The cloud native paradigm provides new opportunities for improving security. Technologies like containers and microservices enable a new level of dynamism that not only makes application delivery faster and more efficient, but also more secure.
Of course, running a tight security ship in a cloud native environment doesn’t happen on its own. You need to develop the right strategy for securing your cloud environments and ensuring that you are making the most of the resources available to you for hardening your applications and infrastructure against attack.
Defining Cloud Native
Broadly speaking, cloud native can be defined as the ability to run or deploy any application or service, wherever you need it, without having to take extra steps. Cloud native applications don’t necessarily have to be deployed in the cloud, but if you want to run them in an agile cloud-based environment, you can do so without any special effort.
The ability to deploy your app wherever you want is a major improvement over the old pre cloud native era, when you had to worry about manual infrastructure provisioning and configuration, lack of cross-platform portability, networking limitations, and so on.
Cloud Native Security Challenges
The flexibility that cloud native technology provides does not mean, however, that you can forget about security. On the contrary, cloud-native environments present all of the security challenges of traditional ones, and some more to boot.
This is a problem because security practices and resources at many organizations have not kept pace with the evolution of cloud-native technology. Some organizations still rely only on perimeter-based defenses (like firewalls), which don’t work well in a cloud-native stack because there is no reliable perimeter.
Companies may also be using legacy intrusion detection tools or monitoring systems that are not capable of handling cloud-native infrastructure. Containers and microservices involve many more moving parts and require a new approach to security detection.
Securing Your Cloud Native Environment
So, what’s a security admin to do? How can DevOps teams address the new security challenges they face in the cloud native age? The following strategies can help.
Place Security First
Teams must avoid the mistake of treating security as a process that can get tacked onto the end of the delivery chain. Don’t wait until production, or just before production, to worry about the security of your apps. Instead, shift security to the left by integrating it into all stages of the delivery cycle.
It should go without saying that a secure environment is one that is updated regularly.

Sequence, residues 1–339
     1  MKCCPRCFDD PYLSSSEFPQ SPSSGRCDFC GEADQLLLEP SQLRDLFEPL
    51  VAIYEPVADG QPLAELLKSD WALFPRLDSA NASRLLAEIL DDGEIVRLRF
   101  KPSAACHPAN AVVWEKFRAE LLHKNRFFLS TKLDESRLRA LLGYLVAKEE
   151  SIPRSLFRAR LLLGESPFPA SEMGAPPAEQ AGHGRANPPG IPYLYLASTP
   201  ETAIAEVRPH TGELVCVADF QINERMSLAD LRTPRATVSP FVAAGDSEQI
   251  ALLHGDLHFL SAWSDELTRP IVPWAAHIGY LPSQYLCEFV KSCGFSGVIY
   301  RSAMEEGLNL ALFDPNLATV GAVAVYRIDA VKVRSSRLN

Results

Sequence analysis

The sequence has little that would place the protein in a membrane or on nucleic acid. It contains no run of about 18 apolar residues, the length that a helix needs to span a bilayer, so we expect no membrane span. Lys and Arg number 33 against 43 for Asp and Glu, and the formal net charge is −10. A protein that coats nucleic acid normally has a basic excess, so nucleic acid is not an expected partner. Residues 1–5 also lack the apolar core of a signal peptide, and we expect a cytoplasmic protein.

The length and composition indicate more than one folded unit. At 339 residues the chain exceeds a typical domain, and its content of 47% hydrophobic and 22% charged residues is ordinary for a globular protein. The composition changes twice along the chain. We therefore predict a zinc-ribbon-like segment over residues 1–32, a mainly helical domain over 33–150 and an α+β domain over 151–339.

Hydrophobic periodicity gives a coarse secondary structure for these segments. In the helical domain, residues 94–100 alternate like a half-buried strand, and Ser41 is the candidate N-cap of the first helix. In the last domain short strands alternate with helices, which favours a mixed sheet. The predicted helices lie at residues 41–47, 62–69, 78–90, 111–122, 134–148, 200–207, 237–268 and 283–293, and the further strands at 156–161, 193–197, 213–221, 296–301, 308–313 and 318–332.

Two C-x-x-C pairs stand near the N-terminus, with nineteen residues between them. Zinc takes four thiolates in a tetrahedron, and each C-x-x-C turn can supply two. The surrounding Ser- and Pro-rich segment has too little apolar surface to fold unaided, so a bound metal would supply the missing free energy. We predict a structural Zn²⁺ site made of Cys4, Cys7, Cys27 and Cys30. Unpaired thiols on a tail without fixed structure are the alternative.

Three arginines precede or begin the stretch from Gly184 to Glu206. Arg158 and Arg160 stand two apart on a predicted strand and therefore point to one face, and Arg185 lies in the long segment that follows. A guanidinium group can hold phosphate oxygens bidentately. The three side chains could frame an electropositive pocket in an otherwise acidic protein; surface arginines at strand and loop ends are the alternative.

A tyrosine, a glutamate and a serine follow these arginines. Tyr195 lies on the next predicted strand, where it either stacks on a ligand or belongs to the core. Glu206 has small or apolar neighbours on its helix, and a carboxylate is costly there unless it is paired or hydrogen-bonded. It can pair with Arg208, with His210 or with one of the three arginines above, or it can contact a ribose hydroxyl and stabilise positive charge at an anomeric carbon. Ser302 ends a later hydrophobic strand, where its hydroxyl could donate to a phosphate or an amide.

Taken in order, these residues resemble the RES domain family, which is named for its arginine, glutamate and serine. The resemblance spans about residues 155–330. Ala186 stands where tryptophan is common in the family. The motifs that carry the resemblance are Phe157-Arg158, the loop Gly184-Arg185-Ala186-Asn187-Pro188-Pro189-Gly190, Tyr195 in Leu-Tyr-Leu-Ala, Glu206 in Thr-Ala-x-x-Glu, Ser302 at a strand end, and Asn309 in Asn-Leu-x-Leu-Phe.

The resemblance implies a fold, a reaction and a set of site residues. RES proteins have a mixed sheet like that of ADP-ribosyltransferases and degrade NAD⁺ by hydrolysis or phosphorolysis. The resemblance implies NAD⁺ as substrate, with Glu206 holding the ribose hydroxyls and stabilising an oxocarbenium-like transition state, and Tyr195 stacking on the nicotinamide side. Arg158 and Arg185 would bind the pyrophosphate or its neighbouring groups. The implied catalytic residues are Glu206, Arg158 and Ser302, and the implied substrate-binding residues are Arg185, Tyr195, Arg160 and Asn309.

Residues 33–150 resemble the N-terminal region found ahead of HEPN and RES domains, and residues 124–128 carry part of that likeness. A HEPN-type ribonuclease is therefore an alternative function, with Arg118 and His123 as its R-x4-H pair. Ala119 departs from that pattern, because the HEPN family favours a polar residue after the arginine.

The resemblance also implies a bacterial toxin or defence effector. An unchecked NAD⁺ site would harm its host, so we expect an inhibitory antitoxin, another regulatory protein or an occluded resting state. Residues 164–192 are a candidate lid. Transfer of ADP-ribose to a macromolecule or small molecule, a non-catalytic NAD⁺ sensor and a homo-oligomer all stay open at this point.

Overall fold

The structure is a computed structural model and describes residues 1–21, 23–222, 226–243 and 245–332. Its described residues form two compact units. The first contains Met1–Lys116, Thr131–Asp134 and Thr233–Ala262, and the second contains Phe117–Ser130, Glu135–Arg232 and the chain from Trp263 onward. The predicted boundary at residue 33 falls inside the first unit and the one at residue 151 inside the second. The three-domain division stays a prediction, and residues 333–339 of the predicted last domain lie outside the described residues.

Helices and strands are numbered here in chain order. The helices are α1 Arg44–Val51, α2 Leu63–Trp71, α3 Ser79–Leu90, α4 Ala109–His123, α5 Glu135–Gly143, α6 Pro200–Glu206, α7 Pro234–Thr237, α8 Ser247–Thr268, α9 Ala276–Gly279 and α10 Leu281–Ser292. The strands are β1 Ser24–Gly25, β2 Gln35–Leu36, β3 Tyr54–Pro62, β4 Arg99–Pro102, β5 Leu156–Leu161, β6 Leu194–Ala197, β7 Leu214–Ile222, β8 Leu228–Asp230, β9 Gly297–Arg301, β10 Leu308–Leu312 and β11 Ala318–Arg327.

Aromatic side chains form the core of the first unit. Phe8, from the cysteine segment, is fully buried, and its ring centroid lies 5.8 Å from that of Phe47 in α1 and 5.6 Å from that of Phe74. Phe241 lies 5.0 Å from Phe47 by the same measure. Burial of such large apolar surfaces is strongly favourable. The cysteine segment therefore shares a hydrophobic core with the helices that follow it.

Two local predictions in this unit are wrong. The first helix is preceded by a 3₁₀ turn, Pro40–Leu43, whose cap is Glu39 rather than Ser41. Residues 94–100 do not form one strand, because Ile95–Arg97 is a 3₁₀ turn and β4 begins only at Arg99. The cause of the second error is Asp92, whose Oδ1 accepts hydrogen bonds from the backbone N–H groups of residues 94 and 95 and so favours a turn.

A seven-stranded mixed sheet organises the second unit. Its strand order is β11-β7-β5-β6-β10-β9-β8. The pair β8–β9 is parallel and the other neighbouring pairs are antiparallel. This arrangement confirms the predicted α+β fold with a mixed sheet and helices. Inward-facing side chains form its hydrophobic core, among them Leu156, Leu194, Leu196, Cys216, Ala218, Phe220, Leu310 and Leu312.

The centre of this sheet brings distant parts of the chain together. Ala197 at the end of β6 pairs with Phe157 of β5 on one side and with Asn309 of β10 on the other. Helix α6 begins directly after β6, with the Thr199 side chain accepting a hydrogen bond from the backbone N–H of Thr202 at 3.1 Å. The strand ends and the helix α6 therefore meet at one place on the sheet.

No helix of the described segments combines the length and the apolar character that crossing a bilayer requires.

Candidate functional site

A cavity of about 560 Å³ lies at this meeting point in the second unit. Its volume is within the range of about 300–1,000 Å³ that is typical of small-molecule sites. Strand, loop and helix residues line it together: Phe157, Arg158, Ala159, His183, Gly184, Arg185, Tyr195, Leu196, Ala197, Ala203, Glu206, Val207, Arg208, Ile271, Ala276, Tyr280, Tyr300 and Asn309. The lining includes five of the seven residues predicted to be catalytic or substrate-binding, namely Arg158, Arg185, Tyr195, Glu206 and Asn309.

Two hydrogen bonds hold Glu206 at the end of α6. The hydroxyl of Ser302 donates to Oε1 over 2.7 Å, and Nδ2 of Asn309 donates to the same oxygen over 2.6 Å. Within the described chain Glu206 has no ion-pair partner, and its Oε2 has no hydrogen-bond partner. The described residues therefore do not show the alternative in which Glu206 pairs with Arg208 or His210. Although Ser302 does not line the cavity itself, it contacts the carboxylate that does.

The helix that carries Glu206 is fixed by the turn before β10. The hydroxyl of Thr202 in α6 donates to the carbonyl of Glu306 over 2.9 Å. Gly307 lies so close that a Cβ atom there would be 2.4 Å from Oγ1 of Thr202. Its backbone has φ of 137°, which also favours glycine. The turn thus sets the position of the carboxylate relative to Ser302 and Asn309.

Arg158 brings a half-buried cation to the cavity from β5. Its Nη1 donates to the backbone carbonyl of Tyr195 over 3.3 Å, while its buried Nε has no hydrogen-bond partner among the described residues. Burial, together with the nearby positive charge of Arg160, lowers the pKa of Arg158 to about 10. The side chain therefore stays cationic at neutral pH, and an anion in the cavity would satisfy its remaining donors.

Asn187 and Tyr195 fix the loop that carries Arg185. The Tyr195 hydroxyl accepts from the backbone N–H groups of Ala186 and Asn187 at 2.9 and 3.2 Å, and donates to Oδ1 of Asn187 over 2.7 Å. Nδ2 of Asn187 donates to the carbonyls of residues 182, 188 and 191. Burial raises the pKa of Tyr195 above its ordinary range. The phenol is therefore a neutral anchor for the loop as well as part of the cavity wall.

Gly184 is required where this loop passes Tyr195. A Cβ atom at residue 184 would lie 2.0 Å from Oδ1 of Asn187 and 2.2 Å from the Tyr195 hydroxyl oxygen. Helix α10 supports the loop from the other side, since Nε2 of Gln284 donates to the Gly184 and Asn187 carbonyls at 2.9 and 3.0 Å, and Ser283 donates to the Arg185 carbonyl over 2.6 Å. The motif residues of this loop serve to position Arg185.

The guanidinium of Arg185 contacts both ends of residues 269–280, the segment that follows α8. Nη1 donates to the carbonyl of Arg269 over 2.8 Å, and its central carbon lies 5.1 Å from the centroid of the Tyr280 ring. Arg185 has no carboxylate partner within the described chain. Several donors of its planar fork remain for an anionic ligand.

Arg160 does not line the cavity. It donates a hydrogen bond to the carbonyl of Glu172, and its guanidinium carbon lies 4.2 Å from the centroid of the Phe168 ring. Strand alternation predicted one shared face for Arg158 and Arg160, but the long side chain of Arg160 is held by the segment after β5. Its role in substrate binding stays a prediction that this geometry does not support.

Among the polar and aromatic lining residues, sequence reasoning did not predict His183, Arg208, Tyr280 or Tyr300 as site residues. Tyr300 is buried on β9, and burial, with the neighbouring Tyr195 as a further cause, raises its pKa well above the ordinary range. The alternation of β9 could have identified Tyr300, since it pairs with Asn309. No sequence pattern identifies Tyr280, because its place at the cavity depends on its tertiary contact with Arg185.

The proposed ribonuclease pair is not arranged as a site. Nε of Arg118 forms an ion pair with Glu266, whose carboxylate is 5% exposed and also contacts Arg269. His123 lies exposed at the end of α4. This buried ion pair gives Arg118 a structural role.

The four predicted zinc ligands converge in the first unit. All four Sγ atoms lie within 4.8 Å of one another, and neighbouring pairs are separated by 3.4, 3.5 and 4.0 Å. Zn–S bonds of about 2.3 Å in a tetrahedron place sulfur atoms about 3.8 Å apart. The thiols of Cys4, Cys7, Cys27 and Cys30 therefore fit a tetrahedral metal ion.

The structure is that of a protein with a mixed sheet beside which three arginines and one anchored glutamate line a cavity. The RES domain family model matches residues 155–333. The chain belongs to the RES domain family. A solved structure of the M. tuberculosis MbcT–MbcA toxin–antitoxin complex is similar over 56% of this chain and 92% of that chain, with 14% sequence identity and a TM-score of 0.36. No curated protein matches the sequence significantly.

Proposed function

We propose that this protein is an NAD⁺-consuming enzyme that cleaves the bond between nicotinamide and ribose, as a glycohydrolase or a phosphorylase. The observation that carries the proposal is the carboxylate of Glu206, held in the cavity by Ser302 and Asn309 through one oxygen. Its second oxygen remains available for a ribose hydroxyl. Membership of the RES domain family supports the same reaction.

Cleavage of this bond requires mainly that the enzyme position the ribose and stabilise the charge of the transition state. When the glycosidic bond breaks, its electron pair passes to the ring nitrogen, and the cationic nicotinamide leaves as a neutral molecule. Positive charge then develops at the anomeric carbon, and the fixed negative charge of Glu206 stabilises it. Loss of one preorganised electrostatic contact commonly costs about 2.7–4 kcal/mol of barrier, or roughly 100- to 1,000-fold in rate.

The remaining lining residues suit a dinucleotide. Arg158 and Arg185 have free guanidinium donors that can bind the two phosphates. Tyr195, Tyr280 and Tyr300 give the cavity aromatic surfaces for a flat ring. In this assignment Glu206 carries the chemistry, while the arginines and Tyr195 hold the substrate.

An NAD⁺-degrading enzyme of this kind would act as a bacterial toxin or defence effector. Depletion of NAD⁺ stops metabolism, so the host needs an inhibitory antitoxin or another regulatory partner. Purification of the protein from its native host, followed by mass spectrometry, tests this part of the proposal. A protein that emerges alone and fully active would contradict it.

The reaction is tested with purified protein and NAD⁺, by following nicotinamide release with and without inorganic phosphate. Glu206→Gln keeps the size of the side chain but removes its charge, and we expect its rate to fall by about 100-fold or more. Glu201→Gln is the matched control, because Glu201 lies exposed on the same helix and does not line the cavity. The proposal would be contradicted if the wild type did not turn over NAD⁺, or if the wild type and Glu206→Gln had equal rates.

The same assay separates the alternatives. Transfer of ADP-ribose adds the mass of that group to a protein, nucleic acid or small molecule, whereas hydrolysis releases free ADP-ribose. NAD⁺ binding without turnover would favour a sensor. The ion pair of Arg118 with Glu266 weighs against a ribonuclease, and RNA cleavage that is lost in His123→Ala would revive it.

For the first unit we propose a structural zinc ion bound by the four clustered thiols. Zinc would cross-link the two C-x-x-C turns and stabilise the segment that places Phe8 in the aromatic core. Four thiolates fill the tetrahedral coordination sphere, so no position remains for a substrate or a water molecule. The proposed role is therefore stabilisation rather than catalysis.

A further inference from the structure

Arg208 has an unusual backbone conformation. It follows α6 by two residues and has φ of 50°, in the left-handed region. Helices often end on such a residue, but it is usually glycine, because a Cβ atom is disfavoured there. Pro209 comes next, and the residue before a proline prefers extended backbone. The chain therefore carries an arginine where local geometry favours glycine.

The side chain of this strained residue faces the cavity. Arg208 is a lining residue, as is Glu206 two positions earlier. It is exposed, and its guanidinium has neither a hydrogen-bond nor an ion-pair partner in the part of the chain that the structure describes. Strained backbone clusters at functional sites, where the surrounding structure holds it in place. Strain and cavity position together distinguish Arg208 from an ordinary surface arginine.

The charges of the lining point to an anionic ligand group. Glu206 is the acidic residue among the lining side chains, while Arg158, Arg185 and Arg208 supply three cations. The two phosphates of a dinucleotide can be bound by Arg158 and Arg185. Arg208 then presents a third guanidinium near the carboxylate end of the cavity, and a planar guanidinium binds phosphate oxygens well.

The mistake that is easy to make when it comes to updates in a cloud native environment, however, is that, because modern apps are usually updated automatically, organizations often take a hands-off approach to updates.
This isn’t smart. Just because your updates are applied automatically doesn’t mean you should stop reviewing them. Updates can change configurations in ways that lead to vulnerabilities, such as by opening new ports. This is why you should take a hands-on approach to updates.
Ideally, you’ll also apply updates in a pre-production testing environment in order to test them before you apply them in production.
Intrusion Detection and Alerts
I’ll say it: Alerts can be annoying. They often consume lots of space in your email box.
But the fact is that you can’t ignore alerts—though you can modify your security detection systems in order to minimize the number of false positives and noise that you get.
Keep in mind, too, that if you didn’t have a security alerting system, the only other way to stay ahead of threats would be to review logs manually. That would be much more tedious than reviewing alerts from a well-configured intrusion detection system—Plus, manual log analysis just isn’t possible to perform on a large scale.
So, although handling security alerts may not be the most exciting part of your job, it’s a very important one—and it saves you a lot of effort in the long run.
When implementing an application in the cloud, you should take extra precautions to lock down access control. This can be more difficult in the cloud because cloud applications tend to involve multiple services, and their attack surface can be wider because they are often accessible over public networks. But if you don’t implement strong access control, you’re basically asking for your cloud apps to be compromised.
This is why you should take advantage of strong authentication protocols, like OAuth, OpenID, SAML and HTTP Basic Authentication. Implementing and maintaining strict access control may be more work, but it’s essential for effective cloud native security.
Everyone knows that security is important. But in a cloud native world, it’s more important than ever. Responding effectively to cloud-native security threats requires a revamping of traditional security practices and a new generation of security tools (including Twistlock) that were designed from the ground up for the cloud-native, containerized, microservices age.
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